A body positive blogger has slammed stereotypes which say women should always be smaller than their boyfriends.
Essex-based Megan Jayne Crabbe, who writes under the name bodiposipanda, has made a name for herself on social media for her honest and relatable posts about recovering from an eating disorder and learning to love her body.
In a recent snap she posted of herself and her boyfriend on holiday, Megan proudly poses in a bikini alongside a frank caption that fights back against those who believe women should always weigh less than their partners.
‘”If you weigh more than your boyfriend, you’re too fat”,’ she writes. ‘That’s something I learned while we were still on the playground, back before any of us had even been near a boy. I don’t know where it came from, TV, magazines, overheard conversations – but it was fact.’
‘Beautiful women were always light and graceful, the men strong and solid. So that the boyfriends could lift you up and swing you round, you his feather light princess.’
But Megan admits that she’s exhausted by these pressures, going on to expose the reality that so many women have to face when they’re bigger than their other half.
‘As I got older that image became one more reason I was convinced that my body made me unlovable,’ she continues. ‘And it isn’t an image that only hurts women, it hurts men who can’t reach the strong, solid expectation, it hurts people who don’t fit the gender binary, people who don’t slot in the limited boxes our culture puts gender into.’
‘The truth is that every single one of us are worthy of love, whether our bodies are light, strong, soft, bigger or smaller than our partners. Whether we believe that we’re worthy or not. We already are. That means you too,’ she concludes.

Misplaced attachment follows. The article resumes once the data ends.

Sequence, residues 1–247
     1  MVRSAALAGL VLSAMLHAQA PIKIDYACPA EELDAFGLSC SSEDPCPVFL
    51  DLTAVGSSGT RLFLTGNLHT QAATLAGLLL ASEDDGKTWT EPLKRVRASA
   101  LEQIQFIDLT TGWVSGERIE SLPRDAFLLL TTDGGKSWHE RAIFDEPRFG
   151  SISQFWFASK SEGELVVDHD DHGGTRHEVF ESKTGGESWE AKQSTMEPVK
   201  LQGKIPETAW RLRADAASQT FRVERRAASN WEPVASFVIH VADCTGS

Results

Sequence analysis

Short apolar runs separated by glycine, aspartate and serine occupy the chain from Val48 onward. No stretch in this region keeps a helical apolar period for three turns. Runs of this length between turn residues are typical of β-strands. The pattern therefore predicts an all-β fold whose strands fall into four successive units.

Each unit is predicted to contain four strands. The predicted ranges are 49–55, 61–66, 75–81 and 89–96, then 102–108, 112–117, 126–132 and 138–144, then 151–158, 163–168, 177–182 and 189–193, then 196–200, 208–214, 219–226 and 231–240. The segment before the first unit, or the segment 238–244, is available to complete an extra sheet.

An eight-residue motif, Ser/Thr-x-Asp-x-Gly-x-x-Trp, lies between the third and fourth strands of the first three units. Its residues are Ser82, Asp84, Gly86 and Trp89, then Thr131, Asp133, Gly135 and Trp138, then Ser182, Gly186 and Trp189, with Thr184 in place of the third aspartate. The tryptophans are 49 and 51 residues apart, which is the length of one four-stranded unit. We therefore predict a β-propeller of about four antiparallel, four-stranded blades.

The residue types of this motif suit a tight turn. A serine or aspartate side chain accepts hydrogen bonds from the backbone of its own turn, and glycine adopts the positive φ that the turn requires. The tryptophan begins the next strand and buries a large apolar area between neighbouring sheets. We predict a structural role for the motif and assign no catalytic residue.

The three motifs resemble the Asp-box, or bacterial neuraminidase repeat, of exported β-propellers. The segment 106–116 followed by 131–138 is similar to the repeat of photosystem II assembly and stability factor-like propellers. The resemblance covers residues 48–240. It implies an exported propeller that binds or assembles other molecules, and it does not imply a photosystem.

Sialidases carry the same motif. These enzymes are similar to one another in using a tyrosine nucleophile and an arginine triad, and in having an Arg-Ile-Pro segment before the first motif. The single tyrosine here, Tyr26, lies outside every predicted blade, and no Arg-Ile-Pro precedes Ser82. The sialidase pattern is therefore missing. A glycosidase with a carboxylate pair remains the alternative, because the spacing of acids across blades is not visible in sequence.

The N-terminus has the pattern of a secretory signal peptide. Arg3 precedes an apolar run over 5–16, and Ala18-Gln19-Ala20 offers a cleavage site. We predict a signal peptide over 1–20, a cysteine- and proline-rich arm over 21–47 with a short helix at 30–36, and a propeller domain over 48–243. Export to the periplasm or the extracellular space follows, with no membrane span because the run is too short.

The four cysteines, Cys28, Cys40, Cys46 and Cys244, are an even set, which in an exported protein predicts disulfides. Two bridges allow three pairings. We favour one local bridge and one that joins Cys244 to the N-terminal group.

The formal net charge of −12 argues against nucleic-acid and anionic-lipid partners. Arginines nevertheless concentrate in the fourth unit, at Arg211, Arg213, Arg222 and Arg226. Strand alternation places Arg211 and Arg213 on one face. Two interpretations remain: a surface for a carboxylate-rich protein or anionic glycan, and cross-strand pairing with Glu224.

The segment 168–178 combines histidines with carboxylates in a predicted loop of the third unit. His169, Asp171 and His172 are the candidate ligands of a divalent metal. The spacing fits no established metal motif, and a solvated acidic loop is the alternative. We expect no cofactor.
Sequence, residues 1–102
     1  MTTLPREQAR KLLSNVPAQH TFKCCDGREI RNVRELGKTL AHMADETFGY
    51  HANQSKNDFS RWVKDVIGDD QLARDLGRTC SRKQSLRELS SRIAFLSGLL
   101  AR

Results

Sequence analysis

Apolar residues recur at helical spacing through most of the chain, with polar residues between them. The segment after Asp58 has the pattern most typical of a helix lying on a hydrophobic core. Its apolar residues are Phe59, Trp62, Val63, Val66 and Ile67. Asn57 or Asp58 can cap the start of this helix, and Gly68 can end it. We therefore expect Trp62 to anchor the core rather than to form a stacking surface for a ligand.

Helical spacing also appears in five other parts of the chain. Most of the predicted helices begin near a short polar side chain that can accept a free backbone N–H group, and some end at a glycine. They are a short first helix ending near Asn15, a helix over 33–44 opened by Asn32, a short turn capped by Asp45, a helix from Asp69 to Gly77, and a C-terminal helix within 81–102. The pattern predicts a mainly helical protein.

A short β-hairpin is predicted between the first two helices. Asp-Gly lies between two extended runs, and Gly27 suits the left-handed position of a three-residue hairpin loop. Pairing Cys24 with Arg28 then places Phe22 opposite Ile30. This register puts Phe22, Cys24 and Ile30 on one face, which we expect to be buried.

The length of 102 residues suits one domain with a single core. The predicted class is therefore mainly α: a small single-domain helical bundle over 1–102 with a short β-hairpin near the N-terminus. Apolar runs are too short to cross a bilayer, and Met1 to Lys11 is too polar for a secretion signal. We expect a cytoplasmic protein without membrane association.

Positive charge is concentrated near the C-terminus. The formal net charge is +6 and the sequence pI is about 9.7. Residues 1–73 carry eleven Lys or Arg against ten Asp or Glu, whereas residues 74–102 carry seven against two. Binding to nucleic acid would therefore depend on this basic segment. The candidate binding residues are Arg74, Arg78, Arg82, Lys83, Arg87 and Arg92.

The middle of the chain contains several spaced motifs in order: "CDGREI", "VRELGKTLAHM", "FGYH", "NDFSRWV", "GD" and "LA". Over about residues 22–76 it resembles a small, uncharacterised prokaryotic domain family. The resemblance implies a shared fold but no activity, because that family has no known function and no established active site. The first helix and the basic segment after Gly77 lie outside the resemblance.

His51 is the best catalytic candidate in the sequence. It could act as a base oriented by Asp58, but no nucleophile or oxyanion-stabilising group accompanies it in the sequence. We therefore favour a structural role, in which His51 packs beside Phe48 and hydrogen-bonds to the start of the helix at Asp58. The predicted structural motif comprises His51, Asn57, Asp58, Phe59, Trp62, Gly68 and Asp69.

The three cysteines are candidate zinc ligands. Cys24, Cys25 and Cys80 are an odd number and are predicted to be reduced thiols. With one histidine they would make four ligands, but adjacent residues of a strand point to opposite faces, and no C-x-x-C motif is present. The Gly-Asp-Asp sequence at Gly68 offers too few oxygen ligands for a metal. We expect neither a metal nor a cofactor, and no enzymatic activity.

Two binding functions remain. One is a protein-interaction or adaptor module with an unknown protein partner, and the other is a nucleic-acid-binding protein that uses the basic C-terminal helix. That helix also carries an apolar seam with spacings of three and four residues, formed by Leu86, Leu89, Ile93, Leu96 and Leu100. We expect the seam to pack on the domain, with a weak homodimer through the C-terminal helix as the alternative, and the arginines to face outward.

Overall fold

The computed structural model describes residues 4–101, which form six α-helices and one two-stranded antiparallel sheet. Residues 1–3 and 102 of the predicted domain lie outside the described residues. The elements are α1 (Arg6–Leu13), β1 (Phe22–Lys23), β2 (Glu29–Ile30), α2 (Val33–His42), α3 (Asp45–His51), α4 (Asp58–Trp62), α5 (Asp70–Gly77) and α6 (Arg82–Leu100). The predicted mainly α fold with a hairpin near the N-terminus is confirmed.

Her loyal followers (nearly 800,000, to be precise) couldn’t have been more proud of her for the candid message, with the post receiving over 1,500 comments so far.
‘Thank you for this post and these thoughts. More people need to hear them and how these heteronormative perspectives negatively affect us all,’ wrote one grateful commenter.
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‘Even at my smallest I have always been a heavy girl and heavier than my partners and it’s always bothered me – made me feel less feminine or less beautiful- thank you for this post!!! You’re totally right it’s a stereotype that’s unrealistic. You made my day today!’ another agreed.
Have you ever felt self-conscious about being bigger than your other half? Let us know your thoughts on Megan’s post in the comment box below!